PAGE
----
This company was plagued with drying cracks in their solid porcelain pieces. After some time they discovered that the deaired plastic material received from their suppliers had laminations (revealed in a cross section cut of the slug). Since they were not wedging, but simply inserting the clay into their hand extruders and presses, these laminations produced built-in weaknesses, the stresses of drying later exploited these. The obvious fix seemed to be to buy a vacuum pugmill to remix the clay. But that did not work. Why? Commercial pugmills commonly have multiple shafts, hundreds of blades, large powerful motors, separate mixing and vacuum chambers, shredders, high-compression heads, etc. Small studio pugmills have none of these features. They are still great for recycling and mixing clay that will later be wedged. But for the machine-forming purposes of this company, this pugmill actually made the laminations worse!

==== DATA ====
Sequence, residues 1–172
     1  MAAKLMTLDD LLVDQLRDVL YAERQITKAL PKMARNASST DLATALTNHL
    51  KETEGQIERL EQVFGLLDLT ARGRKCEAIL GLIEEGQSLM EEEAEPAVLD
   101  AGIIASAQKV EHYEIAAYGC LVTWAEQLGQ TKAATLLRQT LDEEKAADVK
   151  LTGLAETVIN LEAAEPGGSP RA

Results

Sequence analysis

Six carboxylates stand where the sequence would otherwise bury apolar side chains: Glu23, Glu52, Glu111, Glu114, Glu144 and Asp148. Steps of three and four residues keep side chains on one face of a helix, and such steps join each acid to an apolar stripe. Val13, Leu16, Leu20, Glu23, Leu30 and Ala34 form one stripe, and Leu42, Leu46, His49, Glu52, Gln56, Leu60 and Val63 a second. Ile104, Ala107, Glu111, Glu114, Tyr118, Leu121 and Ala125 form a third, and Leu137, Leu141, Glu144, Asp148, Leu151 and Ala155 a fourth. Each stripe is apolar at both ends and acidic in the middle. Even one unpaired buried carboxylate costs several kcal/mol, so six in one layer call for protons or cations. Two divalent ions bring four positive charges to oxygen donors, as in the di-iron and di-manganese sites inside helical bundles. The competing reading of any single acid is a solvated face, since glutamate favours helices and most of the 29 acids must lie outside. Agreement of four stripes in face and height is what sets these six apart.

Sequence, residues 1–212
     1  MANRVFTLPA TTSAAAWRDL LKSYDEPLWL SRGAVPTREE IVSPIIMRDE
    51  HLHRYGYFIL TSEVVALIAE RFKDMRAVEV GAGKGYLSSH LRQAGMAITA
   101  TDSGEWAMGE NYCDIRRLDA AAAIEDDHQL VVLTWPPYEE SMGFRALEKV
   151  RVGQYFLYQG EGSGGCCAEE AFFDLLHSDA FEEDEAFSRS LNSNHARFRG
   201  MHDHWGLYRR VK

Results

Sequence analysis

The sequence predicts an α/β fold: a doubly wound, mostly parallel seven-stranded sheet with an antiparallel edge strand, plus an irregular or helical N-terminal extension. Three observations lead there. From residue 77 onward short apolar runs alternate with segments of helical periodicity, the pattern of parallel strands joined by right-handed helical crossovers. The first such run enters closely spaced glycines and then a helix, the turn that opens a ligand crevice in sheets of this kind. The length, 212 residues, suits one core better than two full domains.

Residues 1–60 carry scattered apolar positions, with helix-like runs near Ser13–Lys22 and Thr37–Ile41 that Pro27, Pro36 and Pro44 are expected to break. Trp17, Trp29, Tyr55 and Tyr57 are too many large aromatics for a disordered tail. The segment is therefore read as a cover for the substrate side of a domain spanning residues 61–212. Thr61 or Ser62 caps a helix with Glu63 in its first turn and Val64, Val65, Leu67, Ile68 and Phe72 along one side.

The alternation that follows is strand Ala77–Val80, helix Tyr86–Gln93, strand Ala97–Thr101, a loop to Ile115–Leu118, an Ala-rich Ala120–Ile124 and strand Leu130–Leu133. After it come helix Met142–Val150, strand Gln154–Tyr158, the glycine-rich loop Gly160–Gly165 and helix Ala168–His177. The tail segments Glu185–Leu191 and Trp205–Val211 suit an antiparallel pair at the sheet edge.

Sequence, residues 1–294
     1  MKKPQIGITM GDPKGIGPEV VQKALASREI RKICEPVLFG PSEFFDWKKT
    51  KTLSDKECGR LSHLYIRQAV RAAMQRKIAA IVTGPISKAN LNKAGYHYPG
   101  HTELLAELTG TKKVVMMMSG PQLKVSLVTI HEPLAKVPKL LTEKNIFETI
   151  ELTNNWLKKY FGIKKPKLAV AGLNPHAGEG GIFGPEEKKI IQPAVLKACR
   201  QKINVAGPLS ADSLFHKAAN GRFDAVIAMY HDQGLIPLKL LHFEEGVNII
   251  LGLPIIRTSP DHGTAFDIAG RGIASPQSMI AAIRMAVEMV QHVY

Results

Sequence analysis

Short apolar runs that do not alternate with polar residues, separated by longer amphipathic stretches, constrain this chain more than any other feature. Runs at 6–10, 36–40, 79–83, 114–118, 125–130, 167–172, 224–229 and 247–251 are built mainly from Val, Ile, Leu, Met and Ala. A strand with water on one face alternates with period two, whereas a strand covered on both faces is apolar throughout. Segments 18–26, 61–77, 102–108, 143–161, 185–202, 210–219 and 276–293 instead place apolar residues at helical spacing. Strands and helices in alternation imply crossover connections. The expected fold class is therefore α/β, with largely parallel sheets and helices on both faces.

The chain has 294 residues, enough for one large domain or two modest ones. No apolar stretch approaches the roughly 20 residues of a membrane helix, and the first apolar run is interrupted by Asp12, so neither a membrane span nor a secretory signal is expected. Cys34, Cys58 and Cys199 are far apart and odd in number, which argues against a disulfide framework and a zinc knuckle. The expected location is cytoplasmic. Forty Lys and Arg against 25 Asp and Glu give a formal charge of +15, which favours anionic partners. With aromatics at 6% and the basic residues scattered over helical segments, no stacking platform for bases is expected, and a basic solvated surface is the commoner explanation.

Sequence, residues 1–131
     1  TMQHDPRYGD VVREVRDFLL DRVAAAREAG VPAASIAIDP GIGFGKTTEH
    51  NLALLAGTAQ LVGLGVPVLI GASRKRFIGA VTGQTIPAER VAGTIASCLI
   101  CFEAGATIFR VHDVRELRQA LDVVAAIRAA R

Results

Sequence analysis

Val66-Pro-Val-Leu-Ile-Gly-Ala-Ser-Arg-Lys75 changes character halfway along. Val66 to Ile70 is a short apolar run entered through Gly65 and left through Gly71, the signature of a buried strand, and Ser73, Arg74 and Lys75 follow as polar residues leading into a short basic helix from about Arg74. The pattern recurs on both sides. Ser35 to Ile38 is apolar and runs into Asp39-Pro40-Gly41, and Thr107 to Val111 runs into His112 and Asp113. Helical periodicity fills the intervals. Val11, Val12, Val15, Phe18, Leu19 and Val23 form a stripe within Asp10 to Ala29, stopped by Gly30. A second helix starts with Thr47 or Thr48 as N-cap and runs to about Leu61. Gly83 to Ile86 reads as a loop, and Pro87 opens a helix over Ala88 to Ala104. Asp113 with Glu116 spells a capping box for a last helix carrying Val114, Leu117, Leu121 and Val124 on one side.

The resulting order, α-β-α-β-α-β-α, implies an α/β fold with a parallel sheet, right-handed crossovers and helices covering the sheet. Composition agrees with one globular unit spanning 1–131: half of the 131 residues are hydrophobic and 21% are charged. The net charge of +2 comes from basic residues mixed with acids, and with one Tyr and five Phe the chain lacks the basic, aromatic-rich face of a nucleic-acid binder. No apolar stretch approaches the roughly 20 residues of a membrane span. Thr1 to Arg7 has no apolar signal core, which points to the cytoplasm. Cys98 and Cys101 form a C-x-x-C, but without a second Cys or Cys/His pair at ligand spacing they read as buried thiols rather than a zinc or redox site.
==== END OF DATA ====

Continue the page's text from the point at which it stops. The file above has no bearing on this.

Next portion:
The practice of removing air from clay as it is pugged. Deaired clay has better forming properties and produces a smoother fired surface.
Laminations because of improper pugging of a clay body will cause separations and drying cracks in the ware.